Segment playing correlator 314 accepts the tracked viewership information 204 from segment viewing monitor 312. Segment playing correlator 314 is adapted to calculate at least one correlation for each given segment with regard to whether a particular client 106 plays both the given segment and other segments of some predetermined proximity. For example, segment playing correlator 314 may implement the forward correlation equation (2) and the backward correlation equation (3) for each segment to be categorized to produce a forward correlation value and a backward correlation value, respectively for each segment being categorized.
Boundary determiner 316 is adapted to analyze the correlation results from segment playing correlator 314 and to determine one or more boundaries of a program being measured. These boundaries may be program edge boundaries, program commercial boundaries, and so forth. For example, boundary determiner 316 may categorize each respective segment according to the respective values of the forward and backward correlation analyses 210,212,214,216. More specifically, boundary determiner 316 may categorize or identify each segment as being a starting segment 202S, an island segment 2021, a middle segment 202M, an ending segment 202E, and so forth. The overall starting and ending segments 202S and 202E identify program edge boundaries 208.
Generally, internal starting and ending segments 202 may identify commercial periods. More specifically, a set of adjacent island segments 2021 may identify a commercial portion of digital video stream 120. Optionally, headend 102 may index the identified commercial portions for a program of digital video stream 120. Subsequently, when playing the program for a client 106, the commercials may be omitted using the index. The omission may be automatic or upon request by the client.
Segments may be 10 seconds in duration to enable the identification of commercials, including commercial portions, of lengths of 30 seconds and multiples thereof. Furthermore, segments may be 5 seconds in duration to enable the identification of commercials, including commercial portions, of lengths of 15 seconds and multiples thereof. Contiguous island segments 202I (e.g., those with both a low backward and a low forward correlation) may be amalgamated into one or more island zones. These island zones may be identified as commercial portions, especially if the island zones are selected to be of a length that is equivalent to an expected commercial length or a multiple thereof.
Thus, island zones corresponding to commercial portions may be identified by amalgamating island segments 202I that are contiguous, and optionally with regard to an expected commercial length. As an alternative, island segments 202I may be amalgamated into island zones using a correlation approach. Island segments 202I are island segments on a relatively macro scale, such as is reflected by the calculation length l. However on a micro scale, such as may be reflected by an expected commercial length or a low multiple thereof, such segments have high correlations with reference to proximate segments and with regard to accelerated viewing. In other words, commercial portions may be identified by detecting contiguous segments that are viewed at an accelerated rate with a sufficiently high and/or low backward and forward correlation threshold pair.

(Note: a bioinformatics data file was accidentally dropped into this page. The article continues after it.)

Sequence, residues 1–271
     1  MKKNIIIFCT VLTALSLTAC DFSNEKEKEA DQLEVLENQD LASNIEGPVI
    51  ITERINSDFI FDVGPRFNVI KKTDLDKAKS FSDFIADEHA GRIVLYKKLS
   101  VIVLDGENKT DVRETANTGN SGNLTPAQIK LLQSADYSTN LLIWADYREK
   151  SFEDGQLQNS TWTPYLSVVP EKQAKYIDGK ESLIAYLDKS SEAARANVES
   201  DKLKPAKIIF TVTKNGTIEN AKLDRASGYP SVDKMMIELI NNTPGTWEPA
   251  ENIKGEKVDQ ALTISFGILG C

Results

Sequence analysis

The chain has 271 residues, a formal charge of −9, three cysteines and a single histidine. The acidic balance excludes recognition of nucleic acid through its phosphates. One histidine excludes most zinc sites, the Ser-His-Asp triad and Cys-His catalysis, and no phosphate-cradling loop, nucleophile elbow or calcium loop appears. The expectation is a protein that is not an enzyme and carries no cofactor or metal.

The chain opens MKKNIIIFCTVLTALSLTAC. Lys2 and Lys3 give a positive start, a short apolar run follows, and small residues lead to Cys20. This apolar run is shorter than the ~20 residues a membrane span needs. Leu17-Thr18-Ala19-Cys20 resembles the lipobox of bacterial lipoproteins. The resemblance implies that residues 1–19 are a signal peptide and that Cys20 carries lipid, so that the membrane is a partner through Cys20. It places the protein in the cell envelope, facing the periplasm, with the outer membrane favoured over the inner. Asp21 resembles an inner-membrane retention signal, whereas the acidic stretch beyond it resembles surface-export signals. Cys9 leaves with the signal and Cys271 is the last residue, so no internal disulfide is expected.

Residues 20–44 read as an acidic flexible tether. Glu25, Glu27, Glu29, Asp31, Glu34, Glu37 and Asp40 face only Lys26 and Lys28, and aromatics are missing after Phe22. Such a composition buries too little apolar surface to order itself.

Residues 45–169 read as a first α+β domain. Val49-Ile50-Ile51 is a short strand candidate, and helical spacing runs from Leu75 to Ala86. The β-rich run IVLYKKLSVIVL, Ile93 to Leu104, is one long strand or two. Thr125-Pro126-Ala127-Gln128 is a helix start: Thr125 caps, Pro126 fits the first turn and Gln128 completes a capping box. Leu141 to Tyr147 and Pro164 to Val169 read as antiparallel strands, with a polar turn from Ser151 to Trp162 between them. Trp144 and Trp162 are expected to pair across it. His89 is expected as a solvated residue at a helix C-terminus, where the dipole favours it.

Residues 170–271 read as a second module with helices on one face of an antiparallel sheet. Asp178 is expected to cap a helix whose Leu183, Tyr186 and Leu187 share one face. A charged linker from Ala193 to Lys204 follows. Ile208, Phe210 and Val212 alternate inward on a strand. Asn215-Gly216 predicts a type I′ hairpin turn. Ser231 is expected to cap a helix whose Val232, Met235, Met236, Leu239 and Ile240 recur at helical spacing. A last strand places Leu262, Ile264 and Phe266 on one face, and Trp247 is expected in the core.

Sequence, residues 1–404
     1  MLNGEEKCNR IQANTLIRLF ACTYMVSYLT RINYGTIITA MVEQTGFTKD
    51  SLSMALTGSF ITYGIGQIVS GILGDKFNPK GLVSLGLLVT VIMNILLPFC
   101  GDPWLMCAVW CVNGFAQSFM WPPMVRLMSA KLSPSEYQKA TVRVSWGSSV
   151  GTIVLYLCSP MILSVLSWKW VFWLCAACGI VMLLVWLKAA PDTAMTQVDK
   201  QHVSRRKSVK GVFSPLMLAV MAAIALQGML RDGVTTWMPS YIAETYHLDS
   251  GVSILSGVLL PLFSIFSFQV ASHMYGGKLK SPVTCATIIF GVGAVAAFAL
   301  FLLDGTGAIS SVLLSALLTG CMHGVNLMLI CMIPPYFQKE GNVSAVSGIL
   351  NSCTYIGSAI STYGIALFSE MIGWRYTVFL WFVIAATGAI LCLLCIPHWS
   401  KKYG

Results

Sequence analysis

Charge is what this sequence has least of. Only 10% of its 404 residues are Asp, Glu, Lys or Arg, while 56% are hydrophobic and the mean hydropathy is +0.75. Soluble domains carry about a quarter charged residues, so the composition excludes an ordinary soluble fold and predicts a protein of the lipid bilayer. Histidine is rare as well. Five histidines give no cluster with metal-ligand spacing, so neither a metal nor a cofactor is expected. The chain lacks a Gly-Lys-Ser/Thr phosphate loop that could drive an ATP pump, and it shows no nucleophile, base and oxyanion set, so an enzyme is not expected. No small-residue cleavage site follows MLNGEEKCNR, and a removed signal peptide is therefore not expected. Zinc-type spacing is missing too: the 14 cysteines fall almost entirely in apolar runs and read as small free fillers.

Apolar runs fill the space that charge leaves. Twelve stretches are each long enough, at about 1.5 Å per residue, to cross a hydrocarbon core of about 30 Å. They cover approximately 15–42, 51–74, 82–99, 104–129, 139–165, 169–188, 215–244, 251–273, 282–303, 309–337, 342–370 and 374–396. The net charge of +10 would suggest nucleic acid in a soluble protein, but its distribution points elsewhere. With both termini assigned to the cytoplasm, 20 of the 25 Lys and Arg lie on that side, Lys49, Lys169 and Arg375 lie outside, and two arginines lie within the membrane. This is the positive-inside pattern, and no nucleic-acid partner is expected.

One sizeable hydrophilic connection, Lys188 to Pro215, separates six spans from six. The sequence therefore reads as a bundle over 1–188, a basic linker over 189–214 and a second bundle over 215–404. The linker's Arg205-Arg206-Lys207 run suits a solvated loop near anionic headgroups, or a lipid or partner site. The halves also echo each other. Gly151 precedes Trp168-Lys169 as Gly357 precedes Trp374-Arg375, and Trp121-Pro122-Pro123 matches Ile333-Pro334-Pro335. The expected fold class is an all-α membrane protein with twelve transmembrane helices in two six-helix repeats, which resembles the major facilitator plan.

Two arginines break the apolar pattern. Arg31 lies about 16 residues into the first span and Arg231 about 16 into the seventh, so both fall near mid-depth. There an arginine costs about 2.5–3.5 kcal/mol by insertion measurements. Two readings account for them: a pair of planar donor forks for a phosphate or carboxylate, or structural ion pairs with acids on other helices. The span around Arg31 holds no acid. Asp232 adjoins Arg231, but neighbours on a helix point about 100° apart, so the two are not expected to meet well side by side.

At block 402, a correlation length l, which is based on an expected duration of a program being measured, is established. For example, a correlation length l may be established that is equal to one-third of an expected duration of a program being measured. At block 404, a video is segmented. For example, a digital video stream 120 may be divided into segments 202 by video stream segmenter 310.
At block 406, client viewing is monitored. For example, the viewership of multiple clients 106 may be monitored and tracked 204 on a per-segment basis by segment viewing monitor 312. At block 406A, segments that are played are tracked; at block 406B, segments that are viewed at an accelerated rate (e.g., cued or reviewed) are tracked; at block 406C, segments that are not viewed are tracked. For example, client viewing request handler 318 may provide viewing information related to playing, stopping, and accelerated viewing on a per-segment basis to segment viewing monitor 312.
At block 408, it is ascertained if a sufficient number of viewers have been monitored. For example, it may be ascertained whether a sufficient number of viewers have been monitored via their clients 106 such that program boundaries may be determined to some acceptable degree of likelihood. This sufficient number may be discovered through experimentation and may vary by program type. If a sufficient number have not been monitored, then the method of flow diagram 400 continues at block 406 to continue viewership monitoring. If, on the other hand, a sufficient number of viewers have been monitored (as ascertained at block 408), then correlations may be calculated at block 410.